We frequently write about the ways in which the Individuals with Disabilities Education Act governs the public education of students with special needs. Specifically, this legislation requires that public school districts must meet the needs of students who require special education. However, this law has been interpreted loosely in some jurisdictions to the detriment of students with disabilities.
In order to address this pressing problem, the Obama administration has released new criteria related to the implementation of this important educational law. According to The Washington Post, the release of the heightened criteria has reduced the number of jurisdictions currently in compliance with federal special education law from a relatively respectable 38 to an absolutely unacceptable 15.
At present, an estimated seven million public school children require special education. In order to meet those needs, The Washington Post reports that the federal Education Department annually distributes a staggering $11.5 billion to states in order to supplement state funds used to pay for special education services. Despite this money and monitoring by the Education Department, the vast majority of states now fail to comply with federal special education standards.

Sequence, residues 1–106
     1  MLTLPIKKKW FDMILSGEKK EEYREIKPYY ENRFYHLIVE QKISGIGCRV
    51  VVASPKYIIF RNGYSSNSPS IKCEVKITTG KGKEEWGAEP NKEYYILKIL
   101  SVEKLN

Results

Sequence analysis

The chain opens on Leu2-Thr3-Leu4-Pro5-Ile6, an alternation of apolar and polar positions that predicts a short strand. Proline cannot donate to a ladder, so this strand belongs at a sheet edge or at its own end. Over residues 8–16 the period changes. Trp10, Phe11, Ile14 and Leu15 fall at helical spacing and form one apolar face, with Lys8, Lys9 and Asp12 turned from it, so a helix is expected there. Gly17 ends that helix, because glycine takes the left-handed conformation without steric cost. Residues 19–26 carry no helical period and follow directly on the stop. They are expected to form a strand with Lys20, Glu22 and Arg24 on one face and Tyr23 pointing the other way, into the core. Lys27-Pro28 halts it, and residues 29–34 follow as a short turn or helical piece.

Over time, it is likely that many more jurisdictions will rise to meet the new standards. As a result, the new criteria represent an important benchmark and advancement for the quality of special educational programs run by public schools nationwide. However, it remains deeply disconcerting that so few jurisdictions are currently in compliance with the new criteria. If you have concerns about the quality of your child’s special education program, please contact an attorney experienced in this area of law.
Source: The Washington Post, “States’ special education services face tighter oversight by the Obama administration,” Lyndsey Layton, June 24, 2014